• On Editing

    Author(s):
    Maguire Laurie, Emma Smith (see profile)
    Date:
    2019
    Group(s):
    Shakespeare
    Subject(s):
    Scholarly editing, Textual scholarship
    Item Type:
    Article
    Permanent URL:
    http://dx.doi.org/10.17613/zema-zj51
    Abstract:
    Covering the changes in Shakespeare editorial theory and practice over the decades between the publication of the Oxford Shakespeare (1986) and the New Oxford Shakespeare (2016), this article surveys a range of modern texts with different rationales and aimed at different readerships. The article has three sections: the imagery associated with editorial activity, issues of authorship and collaboration, and the place of performance in editions. We trace the conceptual changes between the Textual Companion that accompanied the 1986 edition, and the Authorship Companion that is the equivalent for the 2016 edition, discussing the role of quantitative and qualitative approaches to questions of authorship and collaboration. We pay particular attention to the metaphors and tropes that shape editorial discourse, finding their echoes in early modern paratextual material. Pervasive anthropomorphic textual imagery tends implicitly to feminize texts (and masculinize editors), and we discuss the changing demands on editors and the continued dominance of male editors, particularly for Shakespeare’s tragedies and histories. A final section discusses Arden editorial generations of Hamlet alongside the play’s own telos of interrupted succession and its preoccupation with ghosts and the past.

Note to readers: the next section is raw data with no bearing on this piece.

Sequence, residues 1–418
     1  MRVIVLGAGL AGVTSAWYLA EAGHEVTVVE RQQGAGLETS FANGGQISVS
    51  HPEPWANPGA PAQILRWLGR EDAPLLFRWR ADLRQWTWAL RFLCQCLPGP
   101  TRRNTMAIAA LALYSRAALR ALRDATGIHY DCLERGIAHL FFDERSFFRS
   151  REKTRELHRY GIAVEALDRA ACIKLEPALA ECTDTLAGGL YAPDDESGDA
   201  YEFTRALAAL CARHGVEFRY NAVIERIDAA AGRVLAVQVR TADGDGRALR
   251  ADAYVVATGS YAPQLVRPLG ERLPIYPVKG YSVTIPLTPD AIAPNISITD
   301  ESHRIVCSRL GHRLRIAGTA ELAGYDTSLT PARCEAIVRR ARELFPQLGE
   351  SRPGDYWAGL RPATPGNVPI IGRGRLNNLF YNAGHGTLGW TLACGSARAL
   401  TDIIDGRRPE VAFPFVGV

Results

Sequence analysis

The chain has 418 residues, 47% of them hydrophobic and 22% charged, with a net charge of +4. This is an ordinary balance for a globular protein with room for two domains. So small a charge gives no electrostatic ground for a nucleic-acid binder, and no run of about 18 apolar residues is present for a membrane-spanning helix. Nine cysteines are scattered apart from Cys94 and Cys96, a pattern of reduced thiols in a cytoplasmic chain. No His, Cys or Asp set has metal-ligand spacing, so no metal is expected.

Metadata:
    Published as:
    Journal article    
    Status:
    Published
    Last Updated:
    1 year ago
    License:
    All Rights Reserved
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